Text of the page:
If this keeps up, I’m going to rename this site the ‘Hot Potato‘ blog…
I like Judges. They’re always more candid than I expect, and as some of you have probably figured out from my prior writing, I like candor. Don’t beat around the bush, don’t use fancy language, just tell me what you mean! I certainly got a lot of that from this panel. It was the best 75 minutes a person interested/involved in e-discovery could spend, because it tells us where things are headed in the minds of the Judges – and ultimately, they’re the ones we are speaking to, not only our adversaries.
What was the most important concern to the panel? Cost!
Judge West lead off the discussion and to my delight, he immediately weighed in on California AB 5, noting the pending March 3rd hearing and saying he expects the Bill to be adopted either by late this quarter or the next. My take? California finally reached a budget deal, so we’ll see if that development facilitates the passage of AB 5.
Judge West was concerned about two seemingly-contradictory provisions in the Bill; one, which discusses imposition of sanctions, and the other, which defines Safe Harbor. He noted there were several exceptions to Safe Harbor that might incur sanctions. That reminded me of law school. As my professor used to constantly warn, “Everyone knows the rule, but they’ll test you on your knowledge of the exceptions to the rule”.
He also mentioned that more and more, he’s seeing each party provide a technology expert at hearings, and that many times it becomes an ‘expert versus expert’ issue. That’s when he coined the phrase, credited to another Judge, that the parties should have their respective experts ‘dance geek to geek’. I just want the Judge to know I haven’t worn horn-rim glasses since grade school…
Judge Duffy-Lewis spoke next…
She’s involved with what we refer to in California as ‘Fast Track’, but she came right out and said it; e-discovery hearings in her courtroom sometimes resemble “train wrecks”. She said this occurs because she doesn’t see cases until they’re 90 days out and many of the lawyers wait to file motions until their case is about to be heard.
She would like to see attorneys dive right in as soon as possible and not wait. They should begin submitting motions early related to issues of privilege, preservation and notice.
A major issue is how to handle privileged documents. For example, I don’t want to turn over to the other side a document that contains information I’m going to use to impeach my adversary. That’s easier when you’re talking about a paper document, but not so easy when the particular statement you need is buried in a 20-page email thread between multiple custodians that contains other relevant statements.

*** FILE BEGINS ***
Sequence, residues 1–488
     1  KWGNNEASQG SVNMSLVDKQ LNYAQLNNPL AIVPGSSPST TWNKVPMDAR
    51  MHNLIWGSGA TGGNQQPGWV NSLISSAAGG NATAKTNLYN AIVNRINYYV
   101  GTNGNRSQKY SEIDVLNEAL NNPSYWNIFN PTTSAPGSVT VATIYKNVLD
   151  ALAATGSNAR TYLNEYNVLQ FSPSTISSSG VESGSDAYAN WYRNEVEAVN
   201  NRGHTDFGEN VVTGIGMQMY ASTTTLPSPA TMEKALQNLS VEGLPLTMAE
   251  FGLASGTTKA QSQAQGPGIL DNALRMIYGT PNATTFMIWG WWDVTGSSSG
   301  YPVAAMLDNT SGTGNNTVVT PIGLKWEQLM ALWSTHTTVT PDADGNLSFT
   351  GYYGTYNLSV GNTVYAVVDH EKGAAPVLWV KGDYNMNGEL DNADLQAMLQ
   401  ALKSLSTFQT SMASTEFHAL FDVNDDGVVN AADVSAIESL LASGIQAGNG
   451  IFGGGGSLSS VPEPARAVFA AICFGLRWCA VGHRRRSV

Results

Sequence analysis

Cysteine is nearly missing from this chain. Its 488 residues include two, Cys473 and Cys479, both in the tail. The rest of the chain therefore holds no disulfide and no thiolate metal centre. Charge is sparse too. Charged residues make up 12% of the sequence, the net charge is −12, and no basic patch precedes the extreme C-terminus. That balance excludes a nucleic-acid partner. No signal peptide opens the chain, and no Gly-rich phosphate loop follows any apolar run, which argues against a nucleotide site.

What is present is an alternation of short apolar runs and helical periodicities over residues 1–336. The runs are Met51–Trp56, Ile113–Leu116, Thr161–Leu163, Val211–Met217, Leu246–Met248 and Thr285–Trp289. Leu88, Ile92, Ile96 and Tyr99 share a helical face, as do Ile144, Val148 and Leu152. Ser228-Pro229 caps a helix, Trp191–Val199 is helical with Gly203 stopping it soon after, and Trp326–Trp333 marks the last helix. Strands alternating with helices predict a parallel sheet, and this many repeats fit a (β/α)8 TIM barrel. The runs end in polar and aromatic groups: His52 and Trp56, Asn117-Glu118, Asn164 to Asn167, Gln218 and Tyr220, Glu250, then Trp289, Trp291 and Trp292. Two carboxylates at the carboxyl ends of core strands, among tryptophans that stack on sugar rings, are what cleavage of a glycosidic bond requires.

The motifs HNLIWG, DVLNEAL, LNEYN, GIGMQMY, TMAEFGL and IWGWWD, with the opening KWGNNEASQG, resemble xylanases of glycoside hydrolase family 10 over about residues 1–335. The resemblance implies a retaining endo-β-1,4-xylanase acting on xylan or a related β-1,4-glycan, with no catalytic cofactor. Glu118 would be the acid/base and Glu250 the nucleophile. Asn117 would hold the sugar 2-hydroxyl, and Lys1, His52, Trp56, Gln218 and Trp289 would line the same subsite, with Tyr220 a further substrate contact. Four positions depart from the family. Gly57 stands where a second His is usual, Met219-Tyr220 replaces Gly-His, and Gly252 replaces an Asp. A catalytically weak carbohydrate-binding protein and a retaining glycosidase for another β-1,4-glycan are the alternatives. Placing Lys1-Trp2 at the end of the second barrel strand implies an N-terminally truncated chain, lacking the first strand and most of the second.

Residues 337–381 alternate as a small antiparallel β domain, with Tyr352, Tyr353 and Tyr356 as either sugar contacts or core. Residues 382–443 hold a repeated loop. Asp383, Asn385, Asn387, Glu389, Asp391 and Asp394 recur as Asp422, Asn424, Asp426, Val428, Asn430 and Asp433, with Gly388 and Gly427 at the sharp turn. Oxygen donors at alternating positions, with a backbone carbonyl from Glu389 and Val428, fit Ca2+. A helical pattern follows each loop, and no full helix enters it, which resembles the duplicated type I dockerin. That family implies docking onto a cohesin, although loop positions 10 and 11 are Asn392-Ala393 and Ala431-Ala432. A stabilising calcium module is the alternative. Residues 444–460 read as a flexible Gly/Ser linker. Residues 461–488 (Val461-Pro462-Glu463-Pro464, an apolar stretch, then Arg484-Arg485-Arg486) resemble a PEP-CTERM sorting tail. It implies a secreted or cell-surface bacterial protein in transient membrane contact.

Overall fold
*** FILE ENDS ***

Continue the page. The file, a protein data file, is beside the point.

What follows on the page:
Judge Duffy-Lewis’ solution was to create something called an Impeachment Log. The attorneys submit the documents to her, then she makes the determination, preserving the privilege. Brilliant!
What does she see in the future? Recommending a status conference will become virtually mandatory for e-discovery issues, and she predicts the appointment of special masters will become more prevalent.
Judge Wistrich completed the trifecta. Talk about candor! He’s a Magistrate Judge of the U.S. District Court for the Central District of California (I’m a member also) so his was the Federal view.
Judge Wistrich didn’t mince words. He said the “rules have helped, but haven’t solved the problem.”
What problem? The adversarial system and the natural tension created by asking parties – that by virtue are required to keep things close to the vest – to break that habit to cooperate on e-discovery issues. He said the parties are going to have to get around that problem because in many cases, the experts are going to ask for – and be granted – access to their adversaries’ data.
He also said he’s “uncomfortable” because, “I’m not sure I know enough”, and is “concerned” that e-discovery is going to end up adding another layer – experts – to the front-end of the process, further bogging it down.
Still, like Duffy-Lewis, he says attorneys had better be prepared to take the pro-active approach. He clearly understands his role and will not let the parties try to shift decisions to the bench that don’t belong there.
He also discussed Mancia v. Mayflower Textile Servs. Co.,
2008 WL 4595175 (D.Md. Oct. 15, 2008) and its effect on Rule 26(g). I wasn’t surprised that Chief
Magistrate Judge Paul W. Grimm would be cited at the conference, since he’s one of the pioneers in this area. Wistrich said that, when faced with issues of good faith, he orders the parties to videotape all further meet & confer discussions. Strangely, he noted, their behavior improves immediately.